Now that anybody with a credit card and the email address of a Print-on-Demand company thinks they can call themselves a publisher or a published author, professional writers organizations have been forced to carefully define what it means to them to be a "publisher" or a "published author" to deal with the issue. Now even Sisters-in-Crime is acknowledging the problem.
It seems that the abundance of POD titles in the Sisters-in-Crime’s annual "Books-in-Print" catalog has rendered the publication useless to the booksellers and librarians it was intended for. As a result, Sisters-in-Crime is changing their rules about which titles can be listed in the publication.
According to a member mailing by Sisters-in-Crime president Roberta Isleib, from now on only books that meet "marketplace standards" will be included in the listing.
Following are the criteria for a book that meets marketplace standards:
Is offered at standard industry discounts
Is available through national wholesaler, such as Ingram or Baker and Taylor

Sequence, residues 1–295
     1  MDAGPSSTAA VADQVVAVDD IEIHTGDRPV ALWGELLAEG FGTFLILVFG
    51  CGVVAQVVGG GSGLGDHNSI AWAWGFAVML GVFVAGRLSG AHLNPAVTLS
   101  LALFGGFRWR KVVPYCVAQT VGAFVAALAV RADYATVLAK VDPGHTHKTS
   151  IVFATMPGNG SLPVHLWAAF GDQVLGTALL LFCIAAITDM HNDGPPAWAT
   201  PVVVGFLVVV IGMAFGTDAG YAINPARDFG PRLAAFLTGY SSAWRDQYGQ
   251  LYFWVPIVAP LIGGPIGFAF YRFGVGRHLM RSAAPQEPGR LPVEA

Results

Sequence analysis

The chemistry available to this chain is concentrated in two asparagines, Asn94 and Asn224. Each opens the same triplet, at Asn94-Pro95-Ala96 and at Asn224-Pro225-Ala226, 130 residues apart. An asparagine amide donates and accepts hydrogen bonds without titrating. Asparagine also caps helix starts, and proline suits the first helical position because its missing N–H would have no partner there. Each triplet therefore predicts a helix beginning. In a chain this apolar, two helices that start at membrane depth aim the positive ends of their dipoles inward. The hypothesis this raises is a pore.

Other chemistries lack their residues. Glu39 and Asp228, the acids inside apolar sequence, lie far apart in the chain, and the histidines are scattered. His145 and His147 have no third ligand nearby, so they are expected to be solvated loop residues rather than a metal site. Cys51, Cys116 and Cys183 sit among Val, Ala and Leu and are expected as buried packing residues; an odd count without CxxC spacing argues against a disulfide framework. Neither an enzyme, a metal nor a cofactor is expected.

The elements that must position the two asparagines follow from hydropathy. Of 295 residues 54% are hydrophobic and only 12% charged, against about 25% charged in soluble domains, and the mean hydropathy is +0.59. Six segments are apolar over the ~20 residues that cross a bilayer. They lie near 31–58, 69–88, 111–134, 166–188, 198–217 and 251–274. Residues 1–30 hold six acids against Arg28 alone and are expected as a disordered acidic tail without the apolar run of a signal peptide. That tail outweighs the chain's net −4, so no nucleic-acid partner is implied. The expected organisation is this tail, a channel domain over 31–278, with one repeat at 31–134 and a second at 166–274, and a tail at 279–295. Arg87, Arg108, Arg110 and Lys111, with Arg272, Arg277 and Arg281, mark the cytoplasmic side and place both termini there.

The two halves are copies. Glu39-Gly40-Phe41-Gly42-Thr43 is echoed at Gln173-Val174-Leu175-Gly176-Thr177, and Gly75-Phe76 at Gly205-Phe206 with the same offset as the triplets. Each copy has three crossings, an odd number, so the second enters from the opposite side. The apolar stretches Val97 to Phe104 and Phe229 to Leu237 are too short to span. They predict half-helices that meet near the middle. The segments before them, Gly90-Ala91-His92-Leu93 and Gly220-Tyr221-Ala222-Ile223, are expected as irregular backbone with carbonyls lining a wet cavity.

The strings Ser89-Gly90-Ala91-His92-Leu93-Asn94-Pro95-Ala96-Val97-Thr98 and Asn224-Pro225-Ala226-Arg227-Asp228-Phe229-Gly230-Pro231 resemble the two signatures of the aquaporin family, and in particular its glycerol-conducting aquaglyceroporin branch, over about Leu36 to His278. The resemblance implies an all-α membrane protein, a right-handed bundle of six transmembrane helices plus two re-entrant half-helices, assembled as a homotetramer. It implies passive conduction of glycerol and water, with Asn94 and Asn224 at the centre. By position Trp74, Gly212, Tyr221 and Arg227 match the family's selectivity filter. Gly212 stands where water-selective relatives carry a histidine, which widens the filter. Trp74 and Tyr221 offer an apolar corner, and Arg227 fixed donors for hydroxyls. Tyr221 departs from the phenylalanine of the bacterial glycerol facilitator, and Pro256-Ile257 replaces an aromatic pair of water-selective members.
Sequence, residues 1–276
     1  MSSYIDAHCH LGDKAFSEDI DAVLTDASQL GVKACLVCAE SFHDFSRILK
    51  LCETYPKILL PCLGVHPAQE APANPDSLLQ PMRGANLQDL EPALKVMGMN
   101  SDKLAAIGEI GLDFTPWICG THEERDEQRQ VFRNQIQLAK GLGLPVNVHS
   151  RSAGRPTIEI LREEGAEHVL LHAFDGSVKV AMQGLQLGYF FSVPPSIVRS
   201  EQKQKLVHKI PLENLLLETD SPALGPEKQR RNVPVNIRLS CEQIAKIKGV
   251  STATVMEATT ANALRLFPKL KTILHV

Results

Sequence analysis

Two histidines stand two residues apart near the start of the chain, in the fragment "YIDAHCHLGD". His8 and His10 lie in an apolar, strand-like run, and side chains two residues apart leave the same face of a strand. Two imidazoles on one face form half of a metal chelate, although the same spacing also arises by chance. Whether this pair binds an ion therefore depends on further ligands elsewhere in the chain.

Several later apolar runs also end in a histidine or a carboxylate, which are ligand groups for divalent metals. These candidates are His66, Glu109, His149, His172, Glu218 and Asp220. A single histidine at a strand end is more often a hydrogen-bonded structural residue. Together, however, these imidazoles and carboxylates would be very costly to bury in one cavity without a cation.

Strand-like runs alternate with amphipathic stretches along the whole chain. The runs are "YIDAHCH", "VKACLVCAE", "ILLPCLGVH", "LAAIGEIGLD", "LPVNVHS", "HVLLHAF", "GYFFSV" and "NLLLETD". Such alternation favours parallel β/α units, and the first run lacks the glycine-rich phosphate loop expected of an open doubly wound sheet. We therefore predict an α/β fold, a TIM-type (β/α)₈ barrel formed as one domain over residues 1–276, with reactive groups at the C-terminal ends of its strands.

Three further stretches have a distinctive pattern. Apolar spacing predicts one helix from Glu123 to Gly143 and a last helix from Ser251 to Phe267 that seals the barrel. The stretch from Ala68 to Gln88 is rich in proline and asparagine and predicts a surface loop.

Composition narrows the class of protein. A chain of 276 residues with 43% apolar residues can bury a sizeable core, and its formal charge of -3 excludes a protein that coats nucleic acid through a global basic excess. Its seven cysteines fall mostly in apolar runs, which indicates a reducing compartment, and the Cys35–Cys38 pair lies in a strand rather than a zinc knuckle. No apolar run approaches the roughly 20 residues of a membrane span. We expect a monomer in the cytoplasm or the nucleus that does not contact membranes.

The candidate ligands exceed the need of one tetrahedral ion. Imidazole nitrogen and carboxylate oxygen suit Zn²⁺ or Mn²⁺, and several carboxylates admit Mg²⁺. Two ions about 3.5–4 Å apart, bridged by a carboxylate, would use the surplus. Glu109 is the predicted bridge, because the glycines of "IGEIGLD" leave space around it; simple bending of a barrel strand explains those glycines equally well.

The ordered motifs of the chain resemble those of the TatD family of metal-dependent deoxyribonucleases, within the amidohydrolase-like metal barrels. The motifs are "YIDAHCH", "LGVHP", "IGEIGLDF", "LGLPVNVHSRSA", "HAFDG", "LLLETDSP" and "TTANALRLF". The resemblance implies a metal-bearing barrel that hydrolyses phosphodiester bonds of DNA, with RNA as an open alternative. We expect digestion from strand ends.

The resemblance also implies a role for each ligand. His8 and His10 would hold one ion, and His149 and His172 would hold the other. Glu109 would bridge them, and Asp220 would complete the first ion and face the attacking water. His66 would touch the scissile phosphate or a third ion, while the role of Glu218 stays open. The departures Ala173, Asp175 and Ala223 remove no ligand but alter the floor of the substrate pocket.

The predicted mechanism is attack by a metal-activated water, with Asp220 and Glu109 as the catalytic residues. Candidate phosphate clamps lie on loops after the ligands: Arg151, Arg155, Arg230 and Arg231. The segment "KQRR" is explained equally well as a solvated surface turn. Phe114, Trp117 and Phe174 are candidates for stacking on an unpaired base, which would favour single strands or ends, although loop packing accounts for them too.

Is competitively priced
Has a minimum print run of 1,000 copies
(We believe that the minimum print run of 1,000 copies shows a publisher’s intent to place the book in the marketplace. It is the same number used by Authors Coalition to determine a ‘published book.’)
Any titles that do not meet one of the standards may be petitioned on a case-by-case basis, so long as all other requirements are met.
[…]POD reprints of titles that met industry standards when originally published will be included in the print BIP.
The Mystery Writers of America enacted guidelines this year that excludes print-on-demand "publishers" from their Approved Publishers list. There was, predictably, a lot of foot-stomping in the blogosphere among the POD crowd, who predicted a mass exodus of members from the MWA as a result of the changes. In fact, the exact opposite occurred — the change actually resulted in a surge in membership renewals and new memberships. We now have more members than ever before.
But unlike the MWA, Sisters-in-Crime has a much more flexible membership policy and includes among its active members many people who’ve had their manuscripts printed using a POD press and consider themselves "published authors." Expect an uproar.